I thought it would be clever to leverage Pass's file structure and use read-file-name and read-directory-name to provide completions for the password name. When the starting directory for read-file-name is set to the root directory of the password store, this works quite well. The downside to this approach is that the root directory needs to be trimmed, so I wrote a function named pass-utils--password-from-path to handle this and any other quirks that might come up with password names:

(defun pass-utils--password-from-path (path)
  "Convert PATH to a pass-name pass knows about."
  (string-replace ".gpg" "" (file-relative-name path

In addition to trimming the root directory, the function strips off the .gpg file extension. I suppose exposing the file extension where Pass does not is another downside, but at this point I'm willing to make that sacrifice to avoid building my own completions.

Putting Things to Use

Aside from some custom variables to set things up, the rest of the package is transient prefixes. To keep things less cluttered, I created a landing pad that is essentially a nested prefix that jumps to the various functions Pass supports. Here's the entry point:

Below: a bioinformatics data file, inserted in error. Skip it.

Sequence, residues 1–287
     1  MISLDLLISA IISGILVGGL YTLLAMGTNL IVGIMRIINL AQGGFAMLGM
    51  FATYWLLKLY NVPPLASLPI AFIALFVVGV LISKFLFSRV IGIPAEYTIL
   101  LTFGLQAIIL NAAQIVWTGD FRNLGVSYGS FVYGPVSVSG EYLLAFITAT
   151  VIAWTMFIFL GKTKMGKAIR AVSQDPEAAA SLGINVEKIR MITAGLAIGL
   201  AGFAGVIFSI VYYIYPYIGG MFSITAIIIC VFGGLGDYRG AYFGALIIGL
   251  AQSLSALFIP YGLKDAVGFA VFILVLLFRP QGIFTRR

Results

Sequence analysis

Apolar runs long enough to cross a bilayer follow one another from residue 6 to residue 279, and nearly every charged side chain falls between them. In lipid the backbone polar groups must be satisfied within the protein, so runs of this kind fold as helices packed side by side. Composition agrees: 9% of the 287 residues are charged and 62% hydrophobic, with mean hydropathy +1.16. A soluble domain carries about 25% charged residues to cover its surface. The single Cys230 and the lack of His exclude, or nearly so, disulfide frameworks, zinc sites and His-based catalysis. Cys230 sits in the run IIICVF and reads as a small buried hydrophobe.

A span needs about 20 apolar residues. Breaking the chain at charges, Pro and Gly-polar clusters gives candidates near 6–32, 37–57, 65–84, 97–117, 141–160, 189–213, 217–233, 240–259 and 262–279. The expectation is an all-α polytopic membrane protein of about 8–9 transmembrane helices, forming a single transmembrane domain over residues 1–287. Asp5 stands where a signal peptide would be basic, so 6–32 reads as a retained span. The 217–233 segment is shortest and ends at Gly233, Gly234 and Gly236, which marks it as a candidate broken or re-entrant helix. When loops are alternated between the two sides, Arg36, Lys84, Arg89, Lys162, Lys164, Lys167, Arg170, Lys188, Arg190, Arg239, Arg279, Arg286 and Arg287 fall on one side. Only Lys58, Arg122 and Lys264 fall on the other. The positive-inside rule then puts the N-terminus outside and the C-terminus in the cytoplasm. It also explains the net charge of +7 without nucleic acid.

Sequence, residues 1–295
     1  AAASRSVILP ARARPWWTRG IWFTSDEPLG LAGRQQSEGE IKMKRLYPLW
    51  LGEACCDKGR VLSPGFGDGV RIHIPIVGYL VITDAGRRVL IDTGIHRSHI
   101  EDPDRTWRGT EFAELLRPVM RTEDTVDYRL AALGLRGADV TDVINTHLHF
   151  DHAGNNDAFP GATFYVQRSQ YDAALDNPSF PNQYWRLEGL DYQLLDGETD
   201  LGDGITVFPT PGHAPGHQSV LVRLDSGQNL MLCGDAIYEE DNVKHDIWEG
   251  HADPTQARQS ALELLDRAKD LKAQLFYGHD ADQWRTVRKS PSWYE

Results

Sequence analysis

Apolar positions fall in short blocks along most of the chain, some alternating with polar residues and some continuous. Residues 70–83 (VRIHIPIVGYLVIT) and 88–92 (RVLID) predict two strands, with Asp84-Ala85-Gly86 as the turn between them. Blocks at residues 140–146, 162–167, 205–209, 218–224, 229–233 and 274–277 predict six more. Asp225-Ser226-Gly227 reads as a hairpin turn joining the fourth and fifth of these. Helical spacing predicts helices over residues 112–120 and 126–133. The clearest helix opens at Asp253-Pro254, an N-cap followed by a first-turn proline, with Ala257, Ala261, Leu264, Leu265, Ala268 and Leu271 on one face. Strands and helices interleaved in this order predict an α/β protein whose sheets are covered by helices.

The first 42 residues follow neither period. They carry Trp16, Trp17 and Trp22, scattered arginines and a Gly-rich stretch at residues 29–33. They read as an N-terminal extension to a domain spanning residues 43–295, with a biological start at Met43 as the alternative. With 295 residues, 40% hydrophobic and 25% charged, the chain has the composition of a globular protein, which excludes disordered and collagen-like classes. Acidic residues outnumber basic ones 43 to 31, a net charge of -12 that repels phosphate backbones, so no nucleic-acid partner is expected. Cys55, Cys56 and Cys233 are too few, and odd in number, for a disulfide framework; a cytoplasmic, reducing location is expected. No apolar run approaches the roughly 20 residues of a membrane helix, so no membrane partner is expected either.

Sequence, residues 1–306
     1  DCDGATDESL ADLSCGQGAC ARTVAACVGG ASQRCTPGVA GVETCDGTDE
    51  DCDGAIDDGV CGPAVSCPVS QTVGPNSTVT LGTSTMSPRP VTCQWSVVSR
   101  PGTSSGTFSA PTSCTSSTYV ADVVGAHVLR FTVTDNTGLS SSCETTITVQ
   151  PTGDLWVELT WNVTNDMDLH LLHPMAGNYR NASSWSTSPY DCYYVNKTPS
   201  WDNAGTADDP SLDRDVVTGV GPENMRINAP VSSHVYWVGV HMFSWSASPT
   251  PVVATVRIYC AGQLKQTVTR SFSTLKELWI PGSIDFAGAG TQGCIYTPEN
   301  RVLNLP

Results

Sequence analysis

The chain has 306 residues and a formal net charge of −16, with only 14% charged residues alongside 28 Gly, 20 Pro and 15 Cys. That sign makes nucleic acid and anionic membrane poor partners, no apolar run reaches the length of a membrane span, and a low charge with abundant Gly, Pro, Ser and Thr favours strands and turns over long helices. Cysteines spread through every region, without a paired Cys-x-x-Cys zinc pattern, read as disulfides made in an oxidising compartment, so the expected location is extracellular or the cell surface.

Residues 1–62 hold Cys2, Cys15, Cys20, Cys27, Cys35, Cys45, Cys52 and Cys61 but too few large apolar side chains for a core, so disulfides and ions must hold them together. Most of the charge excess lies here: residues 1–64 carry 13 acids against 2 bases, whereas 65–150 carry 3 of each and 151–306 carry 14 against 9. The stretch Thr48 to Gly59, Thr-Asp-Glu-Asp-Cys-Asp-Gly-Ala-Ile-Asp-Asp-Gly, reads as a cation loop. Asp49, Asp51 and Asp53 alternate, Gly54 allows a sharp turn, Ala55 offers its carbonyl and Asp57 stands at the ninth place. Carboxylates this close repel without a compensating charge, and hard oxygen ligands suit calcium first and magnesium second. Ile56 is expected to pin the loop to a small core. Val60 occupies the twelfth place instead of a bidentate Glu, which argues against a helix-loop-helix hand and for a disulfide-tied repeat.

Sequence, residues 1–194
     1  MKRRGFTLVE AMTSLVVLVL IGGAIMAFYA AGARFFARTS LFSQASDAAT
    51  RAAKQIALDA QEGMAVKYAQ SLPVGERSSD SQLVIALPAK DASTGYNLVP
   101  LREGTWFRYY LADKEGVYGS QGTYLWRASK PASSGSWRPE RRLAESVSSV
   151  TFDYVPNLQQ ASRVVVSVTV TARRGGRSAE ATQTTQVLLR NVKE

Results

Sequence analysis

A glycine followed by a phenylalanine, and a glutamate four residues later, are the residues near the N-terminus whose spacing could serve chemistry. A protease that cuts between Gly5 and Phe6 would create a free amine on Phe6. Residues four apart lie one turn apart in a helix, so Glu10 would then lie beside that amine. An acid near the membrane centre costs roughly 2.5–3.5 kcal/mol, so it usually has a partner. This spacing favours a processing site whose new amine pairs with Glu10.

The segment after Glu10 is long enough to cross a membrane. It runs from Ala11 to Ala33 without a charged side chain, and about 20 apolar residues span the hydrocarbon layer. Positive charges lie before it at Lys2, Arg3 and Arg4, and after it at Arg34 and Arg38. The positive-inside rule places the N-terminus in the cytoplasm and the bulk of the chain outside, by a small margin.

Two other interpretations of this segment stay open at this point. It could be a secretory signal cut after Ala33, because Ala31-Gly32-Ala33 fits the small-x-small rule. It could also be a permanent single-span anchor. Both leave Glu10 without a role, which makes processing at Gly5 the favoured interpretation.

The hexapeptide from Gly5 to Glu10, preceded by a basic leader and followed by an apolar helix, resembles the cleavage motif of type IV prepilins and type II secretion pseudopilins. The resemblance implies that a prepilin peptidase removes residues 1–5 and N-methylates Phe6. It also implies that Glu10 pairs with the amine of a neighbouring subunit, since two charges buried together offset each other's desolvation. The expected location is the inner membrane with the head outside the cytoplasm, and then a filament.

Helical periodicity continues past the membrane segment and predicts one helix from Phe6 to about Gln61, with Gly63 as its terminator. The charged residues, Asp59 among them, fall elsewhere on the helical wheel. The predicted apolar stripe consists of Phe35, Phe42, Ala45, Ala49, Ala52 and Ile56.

(transient-define-prefix fast-pass-menu ()
  "General transient menu for fast-pass."
   ("f" "find" (lambda (name)
                 (interactive "sSearch query: ")
                 (fast-pass--run "find"
   ("l" "ls" (lambda (location)
               (interactive (list (fast-pass--password-from-path
                                   (read-directory-name "List directory: "
               (fast-pass--run "ls"
   ("r" "grep" fast-pass-grep)
   ("s" "show" fast-pass-show)]
  ["Password Creation"
   ("i" "insert" fast-pass-insert)
   ("g" "generate" fast-pass-generate)]
  ["Store Management"
   ("e" "edit" (lambda (name)
                 (interactive (list (fast-pass--password-from-path
                                     (read-file-name "Edit password: "
                 (fast-pass--run "edit"
   ("i" "init" fast-pass-init)
   ("o" "file operations" fast-pass-file)
   ("t" "git" (lambda ()
                (cond ((eq 'vc fast-pass-git-interface)
                       (vc-dir fast-pass-pass-directory))
                      ((eq 'magit fast-pass-git-interface)
                       (magit-status fast-pass-pass-directory)))))]
  [("q" "Quit" transient-quit-one)])

In transient vernacular, each group (the square brackets surrounding Search, Password Creation, etc.) contains suffixes, which end with functions. These functions can also be more transient prefixes. Each suffix ties to a Pass command, so for the pass commands that don't have any options the suffix is a lambda function that calls fast-pass--run. If the Pass command does have options, then the suffix is another prefix that lets the user select those arguments interactively as infixes. Here's an example of that: